Paradise Girl by Phill Featherstone
|Paradise Girl by Phill Featherstone|
|Category: General Fiction|
|Reviewer: Jill Murphy|
|Summary: Despite one or two plot holes and a little too much romance for some Paradise Girl is a gripping read and will find an appreciative audience.|
|Buy? No||Borrow? Maybe|
|Pages: 288||Date: January 2017|
|External links: Author's website|
Kerryl lives far away from the urban twenty-first century on a remote Yorkshire farm. The farm is high up on a hill and it's a family endeavour - grandparents, mother, Kerryl. There's a market town below but Kerryl's family is concentrated on the farm and the hard but beautiful living associated with it. Kerryl, though, is a fiercely bright girl - she's won a place at Cambridge University and is looking forward to going. She loves poetry.
But this ambition is put on a very back burner when a new and deadly virus sweeps the world. With a ten-day incubation period, it begins in Africa, makes its way into Europe and then, finally, hops the Channel to Britain. Suddenly Kerryl, our Paradise Girl is no longer living in paradise. Barely anyone survives the virus and, when a stranger finds his way to Kerryl's farm, he infects the family and soon, Kerryl is the only one left alive.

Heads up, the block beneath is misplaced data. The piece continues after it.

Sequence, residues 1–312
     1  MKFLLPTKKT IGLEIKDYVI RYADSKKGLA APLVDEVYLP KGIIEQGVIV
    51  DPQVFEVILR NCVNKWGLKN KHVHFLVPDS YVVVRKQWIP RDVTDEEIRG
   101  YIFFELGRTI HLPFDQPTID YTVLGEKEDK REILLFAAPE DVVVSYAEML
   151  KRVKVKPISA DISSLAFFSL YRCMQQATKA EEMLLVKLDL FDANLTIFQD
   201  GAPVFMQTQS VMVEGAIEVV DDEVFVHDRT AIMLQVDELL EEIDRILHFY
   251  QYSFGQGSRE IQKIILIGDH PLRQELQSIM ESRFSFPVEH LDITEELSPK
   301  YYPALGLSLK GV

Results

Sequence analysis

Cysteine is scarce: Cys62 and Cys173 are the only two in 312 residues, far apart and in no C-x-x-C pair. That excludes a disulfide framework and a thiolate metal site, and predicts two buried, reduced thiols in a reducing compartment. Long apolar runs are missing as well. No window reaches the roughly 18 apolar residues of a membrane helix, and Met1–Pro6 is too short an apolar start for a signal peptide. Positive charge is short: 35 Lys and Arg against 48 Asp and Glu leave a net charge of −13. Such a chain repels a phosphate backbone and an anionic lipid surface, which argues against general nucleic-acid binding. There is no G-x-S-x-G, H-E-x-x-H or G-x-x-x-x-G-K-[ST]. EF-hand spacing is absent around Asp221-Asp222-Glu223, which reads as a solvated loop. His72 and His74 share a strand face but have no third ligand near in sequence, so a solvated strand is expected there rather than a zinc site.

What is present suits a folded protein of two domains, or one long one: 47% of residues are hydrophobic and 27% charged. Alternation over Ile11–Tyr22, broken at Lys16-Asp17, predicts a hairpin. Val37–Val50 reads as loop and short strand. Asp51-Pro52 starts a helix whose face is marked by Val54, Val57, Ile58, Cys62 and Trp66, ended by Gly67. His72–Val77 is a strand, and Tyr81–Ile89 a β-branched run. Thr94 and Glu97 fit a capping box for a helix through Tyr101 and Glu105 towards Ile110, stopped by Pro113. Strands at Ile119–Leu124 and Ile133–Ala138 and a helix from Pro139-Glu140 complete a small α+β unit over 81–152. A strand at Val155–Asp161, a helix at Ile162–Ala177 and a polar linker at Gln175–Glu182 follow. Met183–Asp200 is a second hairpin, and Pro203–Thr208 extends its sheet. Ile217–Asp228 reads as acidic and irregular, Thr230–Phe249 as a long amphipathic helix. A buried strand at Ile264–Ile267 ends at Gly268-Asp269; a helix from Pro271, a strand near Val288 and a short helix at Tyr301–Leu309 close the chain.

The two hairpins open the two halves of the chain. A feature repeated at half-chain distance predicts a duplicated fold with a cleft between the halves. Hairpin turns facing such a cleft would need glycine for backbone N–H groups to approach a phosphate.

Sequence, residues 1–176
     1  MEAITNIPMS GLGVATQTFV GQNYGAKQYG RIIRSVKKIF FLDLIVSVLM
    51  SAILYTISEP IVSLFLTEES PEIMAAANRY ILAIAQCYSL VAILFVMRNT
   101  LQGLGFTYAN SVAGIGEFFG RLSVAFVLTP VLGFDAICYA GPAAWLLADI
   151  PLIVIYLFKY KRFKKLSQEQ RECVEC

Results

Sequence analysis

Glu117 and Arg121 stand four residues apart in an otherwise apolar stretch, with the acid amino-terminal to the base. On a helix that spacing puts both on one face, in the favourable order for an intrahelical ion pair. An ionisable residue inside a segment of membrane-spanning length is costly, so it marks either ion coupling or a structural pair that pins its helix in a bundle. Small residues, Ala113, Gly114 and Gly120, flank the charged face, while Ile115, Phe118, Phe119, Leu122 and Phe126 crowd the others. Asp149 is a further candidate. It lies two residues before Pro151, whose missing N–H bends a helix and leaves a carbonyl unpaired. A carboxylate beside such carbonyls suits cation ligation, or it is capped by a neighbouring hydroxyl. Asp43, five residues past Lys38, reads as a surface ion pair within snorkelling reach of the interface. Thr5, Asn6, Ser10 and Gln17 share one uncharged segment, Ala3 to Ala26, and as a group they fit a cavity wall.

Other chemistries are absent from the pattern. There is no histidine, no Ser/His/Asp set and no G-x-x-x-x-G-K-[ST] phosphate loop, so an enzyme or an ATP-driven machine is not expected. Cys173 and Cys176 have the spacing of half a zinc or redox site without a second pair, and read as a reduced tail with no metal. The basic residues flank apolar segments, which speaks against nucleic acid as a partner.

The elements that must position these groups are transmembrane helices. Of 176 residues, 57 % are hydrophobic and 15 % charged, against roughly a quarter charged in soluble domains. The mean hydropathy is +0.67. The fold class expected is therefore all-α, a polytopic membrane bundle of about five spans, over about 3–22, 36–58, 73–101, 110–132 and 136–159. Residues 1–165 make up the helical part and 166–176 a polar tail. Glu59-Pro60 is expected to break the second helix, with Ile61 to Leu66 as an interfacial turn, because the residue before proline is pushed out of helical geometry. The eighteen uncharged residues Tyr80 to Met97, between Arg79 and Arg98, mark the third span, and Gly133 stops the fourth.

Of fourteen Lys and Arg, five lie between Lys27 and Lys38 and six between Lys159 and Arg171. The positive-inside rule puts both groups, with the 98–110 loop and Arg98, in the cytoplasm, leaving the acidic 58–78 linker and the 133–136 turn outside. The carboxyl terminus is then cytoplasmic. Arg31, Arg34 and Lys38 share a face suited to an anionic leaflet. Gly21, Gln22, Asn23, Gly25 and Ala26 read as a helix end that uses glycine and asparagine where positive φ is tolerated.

She tries to keep up the farm. And she deals with her isolation by writing a diary, addressing it to to "Adam", an imaginary figure representing her ideal boyfriend. But the isolation preys on Kerryl and it blurs the distinction between fact and fiction. Soon, Adam becomes real to her and, as communications with the outside world break down, Kerryl comes to believe that the texts she is receiving really do come from Adam. And she arranges a meeting...
I like a good dystopian YA novel - a young person living through the breakdown of society always makes for a good story. And we're all worried about a deadly virus that defeats science, aren't we? Think of our reactions to avian flu scares and the like.Paradise Girl captures this existential threat exceptionally well and it pits one, rather romantic but also determined, young girl against it. Who wouldn't root for Kerryl?
A dedicated romantic with no boys left to crush on, what else is Kerryl to do but channel her adolescent emotions into an imaginary boy? And left all alone in the world, why wouldn't she come to think of him as real? But what is the truth about Adam and those mysterious, impossible texts? I don't do spoilers so I can't tell you, but I will say that the ending of Paradise Girl has an element of ambiguity about it. A clever choice by Featherstone because it really makes you think.
Perhaps a little too romantic for some and there are one or two plot holes, but Paradise Girl is a gripping read and will find an appreciative audience.
If dystopian fiction is your keep-me-awake cup-of-tea, then we can recommend Black Moon by Kenneth Calhoun
You can read more book reviews or buy Paradise Girl by Phill Featherstone at Amazon.co.uk
You can read more book reviews or buy Paradise Girl by Phill Featherstone at Amazon.com.
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